While Terence Nance brought youth and indie sensibilities with him to Space Jam 2, in Malcolm D. Lee, Warner Bros. gets a director with experience and a proven track record on the big screen. After his 1999 debut The Best Man, Malcolm D. Lee directed films like Welcome Home, Roscoe Jenkins, Soul Men and Barbershop: The Next Cut. More recently, Malcolm D. Lee directed the critically acclaimed and commercially successful Girls Trip, as well as the Kevin Hart film Night School.
The sci-fi is one of the most popular genres in filmmaking, having entertained and intrigued audiences for decades. There are certain properties that stand out among the rest of the genre, remaining fan favorites through the test of time. Chief among them is James Cameron’s pair of Terminator movies, and (to a lesser degree) the myriad sequels that have followed throughout the years. Arnold Schwarzenegger’s signature character will be back for Terminator: Dark Fate, which is being helmed by Deadpool director Tim Miller.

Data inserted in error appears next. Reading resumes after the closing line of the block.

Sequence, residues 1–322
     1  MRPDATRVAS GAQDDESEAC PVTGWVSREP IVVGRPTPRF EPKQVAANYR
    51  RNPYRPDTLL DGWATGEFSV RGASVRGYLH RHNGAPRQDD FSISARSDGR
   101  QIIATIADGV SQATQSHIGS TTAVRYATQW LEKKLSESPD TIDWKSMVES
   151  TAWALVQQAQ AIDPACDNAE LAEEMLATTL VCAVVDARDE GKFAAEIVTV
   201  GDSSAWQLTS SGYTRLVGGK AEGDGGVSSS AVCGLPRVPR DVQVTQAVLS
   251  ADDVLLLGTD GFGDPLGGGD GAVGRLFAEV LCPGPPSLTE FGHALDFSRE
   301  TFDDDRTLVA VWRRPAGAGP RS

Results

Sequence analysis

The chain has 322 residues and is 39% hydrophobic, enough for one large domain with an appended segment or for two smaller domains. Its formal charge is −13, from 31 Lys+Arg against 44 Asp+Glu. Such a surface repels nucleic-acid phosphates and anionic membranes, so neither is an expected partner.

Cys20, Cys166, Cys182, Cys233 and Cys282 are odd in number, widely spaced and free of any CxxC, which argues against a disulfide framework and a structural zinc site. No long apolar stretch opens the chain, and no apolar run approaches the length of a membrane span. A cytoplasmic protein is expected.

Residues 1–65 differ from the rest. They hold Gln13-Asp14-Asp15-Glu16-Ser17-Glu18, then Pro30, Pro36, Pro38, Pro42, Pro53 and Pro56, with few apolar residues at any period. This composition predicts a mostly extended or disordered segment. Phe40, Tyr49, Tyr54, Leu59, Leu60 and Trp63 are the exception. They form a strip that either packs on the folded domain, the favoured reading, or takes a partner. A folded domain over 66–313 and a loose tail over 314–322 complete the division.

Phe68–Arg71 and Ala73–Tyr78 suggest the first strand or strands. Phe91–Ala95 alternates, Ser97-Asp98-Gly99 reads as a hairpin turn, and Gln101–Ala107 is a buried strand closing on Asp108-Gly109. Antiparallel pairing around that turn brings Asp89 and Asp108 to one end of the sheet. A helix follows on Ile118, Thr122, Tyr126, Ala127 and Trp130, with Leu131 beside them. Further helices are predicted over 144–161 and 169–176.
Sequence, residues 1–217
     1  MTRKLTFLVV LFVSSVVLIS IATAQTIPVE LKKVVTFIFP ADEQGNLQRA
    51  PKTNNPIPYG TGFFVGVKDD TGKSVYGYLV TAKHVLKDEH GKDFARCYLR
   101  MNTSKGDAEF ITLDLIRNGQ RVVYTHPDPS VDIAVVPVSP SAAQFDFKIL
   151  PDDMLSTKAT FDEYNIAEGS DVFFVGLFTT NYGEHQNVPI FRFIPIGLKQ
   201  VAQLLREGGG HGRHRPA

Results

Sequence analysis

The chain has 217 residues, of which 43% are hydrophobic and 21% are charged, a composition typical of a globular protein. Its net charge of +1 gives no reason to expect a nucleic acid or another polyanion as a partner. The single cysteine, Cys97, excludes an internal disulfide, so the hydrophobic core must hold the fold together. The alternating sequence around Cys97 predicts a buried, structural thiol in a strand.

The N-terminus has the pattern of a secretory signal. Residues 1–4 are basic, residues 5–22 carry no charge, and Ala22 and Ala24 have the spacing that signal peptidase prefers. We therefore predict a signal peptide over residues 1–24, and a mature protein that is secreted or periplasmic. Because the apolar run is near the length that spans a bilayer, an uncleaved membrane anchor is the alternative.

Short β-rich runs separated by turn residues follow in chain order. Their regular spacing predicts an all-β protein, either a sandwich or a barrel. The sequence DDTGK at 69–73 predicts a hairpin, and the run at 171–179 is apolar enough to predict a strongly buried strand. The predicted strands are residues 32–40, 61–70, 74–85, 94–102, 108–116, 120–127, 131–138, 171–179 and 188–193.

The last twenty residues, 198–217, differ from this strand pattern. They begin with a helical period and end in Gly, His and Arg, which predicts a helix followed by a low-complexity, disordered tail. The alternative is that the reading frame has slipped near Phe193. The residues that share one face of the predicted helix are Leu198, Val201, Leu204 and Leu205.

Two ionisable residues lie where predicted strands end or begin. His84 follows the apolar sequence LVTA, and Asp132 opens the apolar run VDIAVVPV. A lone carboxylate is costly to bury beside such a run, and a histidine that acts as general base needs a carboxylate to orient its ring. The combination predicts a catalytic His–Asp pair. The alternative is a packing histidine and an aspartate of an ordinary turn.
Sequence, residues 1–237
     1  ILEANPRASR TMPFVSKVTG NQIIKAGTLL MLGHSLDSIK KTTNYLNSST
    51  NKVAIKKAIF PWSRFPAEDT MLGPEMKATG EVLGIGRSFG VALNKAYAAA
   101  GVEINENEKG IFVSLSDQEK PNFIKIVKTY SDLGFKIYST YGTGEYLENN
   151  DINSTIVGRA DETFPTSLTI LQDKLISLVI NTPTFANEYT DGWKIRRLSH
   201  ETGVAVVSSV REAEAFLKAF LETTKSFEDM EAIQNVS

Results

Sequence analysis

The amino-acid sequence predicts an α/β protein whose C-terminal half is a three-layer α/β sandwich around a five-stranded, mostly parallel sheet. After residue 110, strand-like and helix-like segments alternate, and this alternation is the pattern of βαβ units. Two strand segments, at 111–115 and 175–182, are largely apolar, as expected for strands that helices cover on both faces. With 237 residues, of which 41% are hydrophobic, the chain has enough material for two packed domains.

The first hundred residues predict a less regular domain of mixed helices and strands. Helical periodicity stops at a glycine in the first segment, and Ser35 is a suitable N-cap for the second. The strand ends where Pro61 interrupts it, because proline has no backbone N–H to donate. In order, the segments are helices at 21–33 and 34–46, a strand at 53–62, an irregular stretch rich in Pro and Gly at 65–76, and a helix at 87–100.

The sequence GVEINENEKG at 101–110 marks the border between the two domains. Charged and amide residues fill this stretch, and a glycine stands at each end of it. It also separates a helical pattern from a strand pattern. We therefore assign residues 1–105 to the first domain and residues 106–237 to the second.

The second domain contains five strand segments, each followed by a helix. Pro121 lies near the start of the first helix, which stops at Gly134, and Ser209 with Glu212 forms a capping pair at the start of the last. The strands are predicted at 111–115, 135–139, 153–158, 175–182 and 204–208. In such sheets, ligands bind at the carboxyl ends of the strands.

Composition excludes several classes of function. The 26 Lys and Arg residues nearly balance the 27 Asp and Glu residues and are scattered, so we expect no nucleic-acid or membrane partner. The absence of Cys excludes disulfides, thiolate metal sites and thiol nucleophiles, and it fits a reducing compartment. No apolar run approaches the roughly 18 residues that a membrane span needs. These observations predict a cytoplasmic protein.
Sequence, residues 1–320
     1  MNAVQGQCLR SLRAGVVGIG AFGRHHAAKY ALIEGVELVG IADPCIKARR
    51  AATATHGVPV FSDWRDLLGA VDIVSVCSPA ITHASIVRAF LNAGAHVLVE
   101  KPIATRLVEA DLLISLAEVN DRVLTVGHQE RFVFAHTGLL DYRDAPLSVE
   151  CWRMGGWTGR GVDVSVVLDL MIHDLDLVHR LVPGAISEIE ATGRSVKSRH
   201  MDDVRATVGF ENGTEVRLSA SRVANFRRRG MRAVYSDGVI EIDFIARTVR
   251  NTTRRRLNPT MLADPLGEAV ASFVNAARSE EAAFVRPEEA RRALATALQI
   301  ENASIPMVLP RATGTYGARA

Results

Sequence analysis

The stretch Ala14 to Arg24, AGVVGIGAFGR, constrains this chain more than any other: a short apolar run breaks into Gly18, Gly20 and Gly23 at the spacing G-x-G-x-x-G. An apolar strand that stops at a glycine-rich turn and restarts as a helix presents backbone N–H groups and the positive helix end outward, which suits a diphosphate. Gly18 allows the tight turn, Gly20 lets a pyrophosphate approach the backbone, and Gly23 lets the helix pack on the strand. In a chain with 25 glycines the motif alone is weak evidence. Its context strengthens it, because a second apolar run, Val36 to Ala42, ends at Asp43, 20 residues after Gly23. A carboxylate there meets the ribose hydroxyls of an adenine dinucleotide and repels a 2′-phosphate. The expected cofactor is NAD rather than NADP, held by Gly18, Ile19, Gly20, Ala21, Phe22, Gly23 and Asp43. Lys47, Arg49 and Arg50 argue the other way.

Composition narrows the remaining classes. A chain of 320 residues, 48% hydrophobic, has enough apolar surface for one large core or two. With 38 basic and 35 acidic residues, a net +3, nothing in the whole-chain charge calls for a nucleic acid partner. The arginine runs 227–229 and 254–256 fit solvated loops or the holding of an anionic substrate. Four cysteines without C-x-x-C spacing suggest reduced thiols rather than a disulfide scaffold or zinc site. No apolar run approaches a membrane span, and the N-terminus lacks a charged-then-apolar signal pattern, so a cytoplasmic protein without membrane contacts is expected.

Tim Miller had massive success with Deadpool, which was a critical and box office hit. But he ended up departing the sequel due to creative differences, eventually signing on to bring Terminator: Dark Fate to reality. He recently explained the choice to pivot to such a beloved franchise, saying:
It looks like Tim Miller is as big a fan of the Terminator movies as the rest of us. As such, he jumped on the opportunity to get behind the camera and put his own perspective on the beloved property. Especially with the original actors returning, forming a new timeline in the process.
Tim Miller made his directorial debut with Deadpool, and had the odds stacked against him. Miller made the project on a modest budget by superhero movie standards, and utilized a character that wasn’t a household name. But all that changed with the first movie, which proved an R-rated superhero blockbuster could make a ton of money at the box office.